I gave him Kathy Wu’s phone number… I wonder if they’ll communicate much? I suspect not, just because Danny’s schedule is so hectic with what’s going on between his dad, his leg, summer classes, and assorted whatnot.

His Dad is released today from the hospital.. it sounds like he’s on the mend nicely from his Whipple Procedure.

Kevin is back from the doctor today… He’s been prescribed “Stress pills”… he says that he’s not been consciously feeling it, but the body certainly has been roughing him up.

I’d been hoping to have the 5th off as well as the 4th, but it looks like that might not happen. Perhaps a half-day, because things will be slow. I’ll be happy if I can get home by 6, instead of 9.

Anyone who wants my new snail mail address can email me (or reply here) and I’ll send it to you.

off to work a trifle early, just to get al my ducks in a row with utilities.

until later, dear journal!

The Poison Is Arsenic, and the Suspect Wood… the things you find researching peg legs.

Huh huh. Huh huh. You said ‘wood’.


“HERNANDO, Miss., June 19 – It took six hospitalizations and a number of misdiagnoses before Lynn Milam learned what was causing the vomiting and diarrhea that almost killed her in 1999. The arsenic levels in her body, her doctor said, were about 100 times what they should have been.

Ms. Milam was relieved to have a diagnosis, however terrifying. That relief vanished when the police arrived. “They said someone was trying to kill me, and they were almost 100 percent sure it was Tom,” her husband, Ms. Milam said.

But she refused to believe it. “I know the man,” she said. “If he were going to kill me, he’d just shoot me.””

Well, it turns out that after testing the husband that he had even more arsenic in his system than she did. They had been doing some home improvements with treated wood.

“Vicki S. Wood, one of the Milams’ lawyers, said the couple were victims of chromated copper arsenate, or C.C.A., the predominant wood preservative in the United States and the subject of an emerging body of product liability lawsuits around the country. Some of the lumber for the Milams’ two-story cabin frame had been treated with C.C.A., which prevents decay and repels termites. It also contains arsenic.”

There is a whole lovely story about product liability and industry and so on and so forth. You know the drill. The industry sort of crossed the Ts and dotted the Is by putting the responsibility for handing out the warnings on the lumberyards, but:

“Mel Pine, a spokesman for the trade association, said that the industry had fulfilled its obligation to inform the public about the dangers of treated wood but that until recently, “at the retail stores the compliance was less than perfect.””

Been there, seen that every few months. The product is being phased-out with a replacement that doesn’t include arsenic.

“Mr. Brugge said the decision was based on “changes in perception, changes in the marketplace” and a new generation of preservatives without arsenic.”

(How much do you want to bet that the “new generation” of preservatives were around before, but were not as cheap as arsenic?)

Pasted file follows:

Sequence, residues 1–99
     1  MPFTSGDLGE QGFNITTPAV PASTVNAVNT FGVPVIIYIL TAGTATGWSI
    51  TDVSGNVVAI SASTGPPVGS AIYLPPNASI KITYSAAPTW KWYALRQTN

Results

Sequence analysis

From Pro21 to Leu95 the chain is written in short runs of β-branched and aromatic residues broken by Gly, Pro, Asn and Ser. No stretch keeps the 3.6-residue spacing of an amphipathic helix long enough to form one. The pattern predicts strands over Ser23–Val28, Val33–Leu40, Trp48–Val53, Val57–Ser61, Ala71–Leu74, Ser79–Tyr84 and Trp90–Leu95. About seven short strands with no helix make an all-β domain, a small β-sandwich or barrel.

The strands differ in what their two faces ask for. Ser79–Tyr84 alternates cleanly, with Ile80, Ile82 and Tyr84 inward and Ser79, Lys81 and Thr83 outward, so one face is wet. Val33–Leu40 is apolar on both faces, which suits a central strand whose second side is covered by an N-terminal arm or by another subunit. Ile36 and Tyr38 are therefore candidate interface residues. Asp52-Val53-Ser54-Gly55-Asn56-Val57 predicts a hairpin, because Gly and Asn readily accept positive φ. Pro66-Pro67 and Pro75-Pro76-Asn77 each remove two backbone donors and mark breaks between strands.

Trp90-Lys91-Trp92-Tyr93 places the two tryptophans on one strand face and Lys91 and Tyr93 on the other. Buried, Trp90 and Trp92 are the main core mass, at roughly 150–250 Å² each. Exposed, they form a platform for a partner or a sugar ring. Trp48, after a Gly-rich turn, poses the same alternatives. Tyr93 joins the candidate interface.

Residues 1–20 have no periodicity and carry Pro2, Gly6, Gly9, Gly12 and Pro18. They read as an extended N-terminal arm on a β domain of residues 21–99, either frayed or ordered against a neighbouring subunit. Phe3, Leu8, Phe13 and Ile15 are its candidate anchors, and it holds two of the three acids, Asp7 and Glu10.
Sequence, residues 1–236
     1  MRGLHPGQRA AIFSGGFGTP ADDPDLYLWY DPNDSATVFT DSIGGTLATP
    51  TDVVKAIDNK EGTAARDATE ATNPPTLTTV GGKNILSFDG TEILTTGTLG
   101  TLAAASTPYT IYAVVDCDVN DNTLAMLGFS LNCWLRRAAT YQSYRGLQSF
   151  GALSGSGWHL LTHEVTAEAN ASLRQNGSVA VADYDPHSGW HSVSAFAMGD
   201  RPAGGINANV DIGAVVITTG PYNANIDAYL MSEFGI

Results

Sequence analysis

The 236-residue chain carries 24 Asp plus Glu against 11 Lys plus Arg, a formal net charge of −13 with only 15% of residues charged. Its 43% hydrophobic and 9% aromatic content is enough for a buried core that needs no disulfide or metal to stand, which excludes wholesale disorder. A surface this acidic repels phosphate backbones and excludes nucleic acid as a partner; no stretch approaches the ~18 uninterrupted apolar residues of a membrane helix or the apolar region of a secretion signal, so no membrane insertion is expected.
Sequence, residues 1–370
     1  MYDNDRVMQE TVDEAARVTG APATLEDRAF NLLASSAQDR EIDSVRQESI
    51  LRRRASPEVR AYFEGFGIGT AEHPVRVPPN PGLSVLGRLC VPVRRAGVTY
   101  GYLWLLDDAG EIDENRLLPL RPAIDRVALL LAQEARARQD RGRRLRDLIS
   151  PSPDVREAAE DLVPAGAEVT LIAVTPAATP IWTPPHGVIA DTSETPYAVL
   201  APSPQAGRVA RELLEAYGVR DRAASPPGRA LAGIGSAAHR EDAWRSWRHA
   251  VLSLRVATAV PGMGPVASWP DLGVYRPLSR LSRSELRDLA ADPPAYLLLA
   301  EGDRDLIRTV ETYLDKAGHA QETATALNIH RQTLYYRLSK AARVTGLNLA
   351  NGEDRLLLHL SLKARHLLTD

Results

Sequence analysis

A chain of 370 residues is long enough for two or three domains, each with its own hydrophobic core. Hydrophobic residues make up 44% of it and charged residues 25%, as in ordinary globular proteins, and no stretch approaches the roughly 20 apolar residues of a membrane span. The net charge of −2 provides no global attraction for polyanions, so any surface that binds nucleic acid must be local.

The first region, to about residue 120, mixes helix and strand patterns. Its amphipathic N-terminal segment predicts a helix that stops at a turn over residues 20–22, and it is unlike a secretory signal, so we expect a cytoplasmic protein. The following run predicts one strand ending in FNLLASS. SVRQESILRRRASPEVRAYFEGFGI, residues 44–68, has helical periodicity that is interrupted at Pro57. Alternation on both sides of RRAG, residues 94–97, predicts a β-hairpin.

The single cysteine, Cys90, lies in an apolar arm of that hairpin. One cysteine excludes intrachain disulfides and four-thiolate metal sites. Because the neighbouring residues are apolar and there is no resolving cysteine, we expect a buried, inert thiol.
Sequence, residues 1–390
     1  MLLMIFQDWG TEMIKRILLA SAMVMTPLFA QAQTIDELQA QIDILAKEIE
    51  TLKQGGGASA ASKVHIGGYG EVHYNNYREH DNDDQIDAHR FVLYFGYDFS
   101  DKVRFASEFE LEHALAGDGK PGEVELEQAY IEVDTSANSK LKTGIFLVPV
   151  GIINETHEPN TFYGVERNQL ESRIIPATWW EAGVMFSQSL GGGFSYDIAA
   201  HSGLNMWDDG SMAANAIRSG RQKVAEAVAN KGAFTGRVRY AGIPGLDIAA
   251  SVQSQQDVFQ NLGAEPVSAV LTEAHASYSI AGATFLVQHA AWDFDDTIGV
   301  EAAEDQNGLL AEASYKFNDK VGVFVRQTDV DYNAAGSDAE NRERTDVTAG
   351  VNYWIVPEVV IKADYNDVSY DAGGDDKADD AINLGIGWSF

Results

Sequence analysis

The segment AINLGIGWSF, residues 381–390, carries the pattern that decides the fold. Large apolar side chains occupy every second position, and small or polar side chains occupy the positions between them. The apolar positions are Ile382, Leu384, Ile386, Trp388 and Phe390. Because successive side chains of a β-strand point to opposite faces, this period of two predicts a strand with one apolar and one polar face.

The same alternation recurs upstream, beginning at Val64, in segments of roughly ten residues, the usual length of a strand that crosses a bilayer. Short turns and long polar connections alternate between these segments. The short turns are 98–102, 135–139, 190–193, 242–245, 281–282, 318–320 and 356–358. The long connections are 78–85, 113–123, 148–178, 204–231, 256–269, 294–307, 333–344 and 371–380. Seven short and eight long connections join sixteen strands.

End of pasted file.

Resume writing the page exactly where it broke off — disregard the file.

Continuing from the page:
No, what is interesting about the story is that attempted murder was suspected and a case was being prepared.

“The police here worked the case hard. They questioned the Milams repeatedly and always separately. They advised Ms. Milam, a 50-year-old computer programmer, to leave her husband, 46, or at least prepare her own food. They sought help from the F.B.I., and the district attorney went to a grand jury to have it consider a charge of attempted murder.

I felt like the Hernando Police Department came into it predetermined like it was attempted murder, and they had a pretty good little case,” Ms. Milam said. “It was really big for them.”

“Mr. Artis, the F.B.I. spokesman, said the case was dubious from the start, because it lacked a motive. “She was the breadwinner,” he said. “There’s no big insurance policy. There’s no girlfriend.””

So, without any of the tried-and-true motives present, why did the D.A. continue with the attempted murder scenario?

“He recalled being convinced by an F.B.I. analysis implicating the treated wood. On the other hand, a member of his staff had consulted the industry. “One of my investigators kept telling me that lumber companies had told him that this couldn’t be,” he said, meaning that the F.B.I. was wrong.”

Who says experts don’t lie? Calling for an unbiased opinion these days is more tricky than ever, I imagine.

Perhaps I’ve read far too many Agatha Christie mystery novels as a kid, but I need to research and see if it is true that ingesting small doses of arsenic over time lead to an immunity from the poison. This came up in a few novels I recall reading (Lord Nannybone of Soddom-on-Gamhora takes small doses of arsenic to build up an immunity, then he and his wife eat from the same hors de vour tray… intrepid detective outwits police by finding arsenic bottle under bush, etc. etc.).

The article makes me think no, but perhaps those dosages were too large… I was also under the impression that repeated arsenic ingestion leads to thickening nails, change in skin tone and other symptoms. Perhaps skin absorption is different.

I guess that the real problem is that they had not received any of the warnings that were supposed to go with purchasing the treated wood. I suppose big red and yellow stickers saying “DANGER. TOXIC WOOD!!!!” would have made for a lousy store display. I know that I would tend to promote the termite repelling qualities and downplay the HAZMAT aspects of putting in a new deck.